June 8, Polynesian sail canoe Hokule’a arrives New York City http://www.hokulea.com/. Hawaii’s Polynesian
Two sail canoes from Hawaii have been sailing around the world since 2014. Hokule’a (means Star of Gladness) and Hikianalia of the Polynesian Voyaging Society (PVS) started from Hawaii on a five year worldwidevoyage. They are two traditionally designed voyaging canoes, replicas of the canoes that brought the firstHawaiians to their island home.
Hōkūle’a and sister canoe Hikianalia are 62’x20’ double-hulled canoes, similar to the ones that Polynesian
ancestors sailed. Since she was first built and launched in the 1970s, Hōkūle’a continues to bring people together from all walks of life.
This voyage is being done almost entirely using traditional Polynesian navigation methods, called wayfinding, as did the late Micronesian Mau Piailug. Kaleo Wong is one of their navigators. Navigators carefully study and revere nature for direction. Wayfinding involves the use of only one’s natural surroundings - stars, clouds, waves, wind, currents, birds and wildlife to guide them. The New York Times magazine March 20, 2016, has an article on wayfinding “Secrets of the Wave Pilots” online and “Sixth Sense” in print edition. Sailing across the Pacific Ocean, they are amid whales, dolphins, storms, and calm winds.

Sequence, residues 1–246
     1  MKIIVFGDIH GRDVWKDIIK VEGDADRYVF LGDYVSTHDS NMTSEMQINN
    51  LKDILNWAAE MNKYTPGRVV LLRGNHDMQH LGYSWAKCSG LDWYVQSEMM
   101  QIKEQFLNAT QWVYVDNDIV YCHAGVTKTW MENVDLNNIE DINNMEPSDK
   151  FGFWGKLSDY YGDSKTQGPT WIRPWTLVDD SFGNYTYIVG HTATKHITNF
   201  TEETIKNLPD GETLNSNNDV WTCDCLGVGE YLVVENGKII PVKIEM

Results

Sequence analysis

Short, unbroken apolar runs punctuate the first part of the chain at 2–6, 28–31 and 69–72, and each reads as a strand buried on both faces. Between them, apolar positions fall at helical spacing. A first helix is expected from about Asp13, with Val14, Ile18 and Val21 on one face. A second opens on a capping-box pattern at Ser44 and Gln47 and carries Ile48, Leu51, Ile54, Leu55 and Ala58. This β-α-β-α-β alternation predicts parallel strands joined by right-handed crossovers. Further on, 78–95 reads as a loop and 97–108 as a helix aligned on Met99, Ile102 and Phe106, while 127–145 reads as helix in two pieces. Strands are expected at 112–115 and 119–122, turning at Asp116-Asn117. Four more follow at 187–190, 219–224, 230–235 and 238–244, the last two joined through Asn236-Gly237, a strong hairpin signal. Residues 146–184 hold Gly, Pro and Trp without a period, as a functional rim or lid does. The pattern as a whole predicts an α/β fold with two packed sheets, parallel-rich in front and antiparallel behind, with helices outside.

In January 2016, they left the coast of Africa and and sailed to Brazil. This spring they are sailing to the US and up the Potamac River to meet with President Obama. They plan to be in New York City by June 8.
Let’s have a meet-up to see them in New York! To learn more and track their voyage, use the website http://www.hokulea.com/. Hawaii’s Polynesian Voyaging Society website has a wealth of information.
If interested to meet them on or before June 8 contact Marilyn Vogel, firstname.lastname@example.org.